Most offices and homes in Western Europe are centrally heated to a pleasant 18-21 degrees Celsius in winter. However, many Georgian find this too brisk and prefer a temperature edging into the low 30s. The main way to cool one of these vigorously heated rooms (without insulation) is to open a (single-pane) window. Gas fired power plants are built instead of looking to obvious alternatives and villages are hooked up to the gas distribution network instead of stimulating the use biomass energy sources.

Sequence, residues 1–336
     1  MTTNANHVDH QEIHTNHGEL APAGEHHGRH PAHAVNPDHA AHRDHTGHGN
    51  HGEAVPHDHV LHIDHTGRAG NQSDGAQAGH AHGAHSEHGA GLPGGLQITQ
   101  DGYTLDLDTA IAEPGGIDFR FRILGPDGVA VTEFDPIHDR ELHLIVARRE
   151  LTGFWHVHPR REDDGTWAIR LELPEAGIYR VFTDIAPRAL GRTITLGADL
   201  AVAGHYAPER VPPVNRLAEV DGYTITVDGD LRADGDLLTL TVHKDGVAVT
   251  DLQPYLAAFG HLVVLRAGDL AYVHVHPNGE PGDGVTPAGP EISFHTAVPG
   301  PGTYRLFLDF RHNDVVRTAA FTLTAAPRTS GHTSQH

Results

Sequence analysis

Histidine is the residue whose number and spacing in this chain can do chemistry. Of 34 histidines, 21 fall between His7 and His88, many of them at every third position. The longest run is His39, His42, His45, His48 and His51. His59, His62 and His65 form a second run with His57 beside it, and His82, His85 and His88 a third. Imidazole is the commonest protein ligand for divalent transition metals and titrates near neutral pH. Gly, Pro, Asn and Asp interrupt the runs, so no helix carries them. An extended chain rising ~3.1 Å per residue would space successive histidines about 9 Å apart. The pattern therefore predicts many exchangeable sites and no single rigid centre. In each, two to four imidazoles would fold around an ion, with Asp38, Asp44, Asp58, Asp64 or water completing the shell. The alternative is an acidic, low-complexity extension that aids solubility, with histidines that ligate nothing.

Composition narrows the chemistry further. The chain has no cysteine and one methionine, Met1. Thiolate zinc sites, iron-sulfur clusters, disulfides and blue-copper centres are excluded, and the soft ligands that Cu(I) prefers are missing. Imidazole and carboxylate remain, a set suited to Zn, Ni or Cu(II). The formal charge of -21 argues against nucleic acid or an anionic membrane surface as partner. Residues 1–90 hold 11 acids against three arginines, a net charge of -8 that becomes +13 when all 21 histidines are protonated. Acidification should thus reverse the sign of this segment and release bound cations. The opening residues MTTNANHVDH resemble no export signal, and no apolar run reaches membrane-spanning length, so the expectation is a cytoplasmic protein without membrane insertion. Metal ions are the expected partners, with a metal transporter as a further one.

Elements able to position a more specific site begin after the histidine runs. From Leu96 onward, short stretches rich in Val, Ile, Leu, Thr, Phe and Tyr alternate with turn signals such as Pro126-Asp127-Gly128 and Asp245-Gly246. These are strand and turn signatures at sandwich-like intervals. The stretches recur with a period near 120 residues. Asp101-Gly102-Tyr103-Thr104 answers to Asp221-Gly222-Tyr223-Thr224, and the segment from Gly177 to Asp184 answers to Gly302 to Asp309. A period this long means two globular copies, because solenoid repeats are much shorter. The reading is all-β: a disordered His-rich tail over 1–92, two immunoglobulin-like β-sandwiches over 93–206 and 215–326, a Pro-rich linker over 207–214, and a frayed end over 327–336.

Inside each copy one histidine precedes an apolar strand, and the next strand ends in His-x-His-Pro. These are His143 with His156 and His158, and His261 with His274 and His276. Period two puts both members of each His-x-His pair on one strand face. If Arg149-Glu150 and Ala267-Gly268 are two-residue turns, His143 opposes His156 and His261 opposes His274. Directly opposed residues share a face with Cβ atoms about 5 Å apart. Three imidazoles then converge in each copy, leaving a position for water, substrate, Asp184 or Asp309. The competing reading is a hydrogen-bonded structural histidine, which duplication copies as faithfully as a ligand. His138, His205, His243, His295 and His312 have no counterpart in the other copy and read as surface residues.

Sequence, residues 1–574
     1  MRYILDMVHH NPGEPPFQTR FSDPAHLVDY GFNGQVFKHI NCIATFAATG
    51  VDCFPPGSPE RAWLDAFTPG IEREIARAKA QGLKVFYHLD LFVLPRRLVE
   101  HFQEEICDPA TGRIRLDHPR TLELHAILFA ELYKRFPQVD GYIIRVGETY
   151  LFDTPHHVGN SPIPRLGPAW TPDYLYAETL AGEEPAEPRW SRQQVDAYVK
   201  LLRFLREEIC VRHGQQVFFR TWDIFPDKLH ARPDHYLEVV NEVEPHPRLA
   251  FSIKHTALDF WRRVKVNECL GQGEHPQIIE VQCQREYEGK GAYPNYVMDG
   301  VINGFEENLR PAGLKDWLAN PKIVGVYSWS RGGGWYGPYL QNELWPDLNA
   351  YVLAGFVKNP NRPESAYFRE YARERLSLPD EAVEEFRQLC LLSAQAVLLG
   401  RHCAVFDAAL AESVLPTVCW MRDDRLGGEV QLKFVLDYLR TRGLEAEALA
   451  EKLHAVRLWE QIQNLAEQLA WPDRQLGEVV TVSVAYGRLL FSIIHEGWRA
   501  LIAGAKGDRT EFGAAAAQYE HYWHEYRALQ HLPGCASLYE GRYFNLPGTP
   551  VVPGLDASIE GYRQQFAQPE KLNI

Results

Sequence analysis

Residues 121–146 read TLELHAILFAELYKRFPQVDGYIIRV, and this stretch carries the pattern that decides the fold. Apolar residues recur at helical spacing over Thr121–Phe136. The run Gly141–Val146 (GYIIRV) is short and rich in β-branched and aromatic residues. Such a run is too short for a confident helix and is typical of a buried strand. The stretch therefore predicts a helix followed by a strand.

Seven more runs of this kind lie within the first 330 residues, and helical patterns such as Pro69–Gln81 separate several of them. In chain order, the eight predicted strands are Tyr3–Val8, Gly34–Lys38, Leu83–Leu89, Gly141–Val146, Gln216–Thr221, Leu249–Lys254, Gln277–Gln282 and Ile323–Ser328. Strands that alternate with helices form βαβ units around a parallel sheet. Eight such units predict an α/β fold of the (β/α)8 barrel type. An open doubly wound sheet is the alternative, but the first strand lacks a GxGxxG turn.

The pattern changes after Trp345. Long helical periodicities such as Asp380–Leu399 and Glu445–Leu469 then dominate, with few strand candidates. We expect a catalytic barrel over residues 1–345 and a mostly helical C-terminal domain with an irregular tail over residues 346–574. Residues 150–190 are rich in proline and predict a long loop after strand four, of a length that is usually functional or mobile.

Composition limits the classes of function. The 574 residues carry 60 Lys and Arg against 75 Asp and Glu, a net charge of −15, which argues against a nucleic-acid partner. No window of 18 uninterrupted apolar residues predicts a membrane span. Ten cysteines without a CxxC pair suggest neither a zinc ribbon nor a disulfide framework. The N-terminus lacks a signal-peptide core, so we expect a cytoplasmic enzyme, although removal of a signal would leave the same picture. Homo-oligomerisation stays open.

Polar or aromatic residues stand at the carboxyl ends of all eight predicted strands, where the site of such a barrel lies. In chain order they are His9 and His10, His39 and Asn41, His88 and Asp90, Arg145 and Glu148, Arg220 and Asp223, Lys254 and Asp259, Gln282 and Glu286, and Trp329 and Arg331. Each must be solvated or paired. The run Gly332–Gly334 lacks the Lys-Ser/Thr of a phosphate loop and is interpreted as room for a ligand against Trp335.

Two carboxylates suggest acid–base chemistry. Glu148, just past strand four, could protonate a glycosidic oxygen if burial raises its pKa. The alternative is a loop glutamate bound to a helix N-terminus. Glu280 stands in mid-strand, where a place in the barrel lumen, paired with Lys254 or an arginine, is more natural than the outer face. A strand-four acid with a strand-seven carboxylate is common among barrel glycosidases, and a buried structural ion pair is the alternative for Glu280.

So what is the deal with Russian gas in Georgia? The real deal is that there is an enormous fear of GAZPROM in Georgian society that is slightly overdrawn and that outdatedness in thinking about energy use is the modus operandi in Georgian energy policy. Some have attributed the lack of willingness of the government to prioritize energy savings and efficiency as a remnant of Soviet-times where such a policy would be considered rationing and a state failure to provide the citizen with basic necessities. In trying to avoid such a characterization, the current approach to energy supply is preferred. Whether or not this is the cause is up for interpretation, however, it is clear that the outcome is something that should be addressed.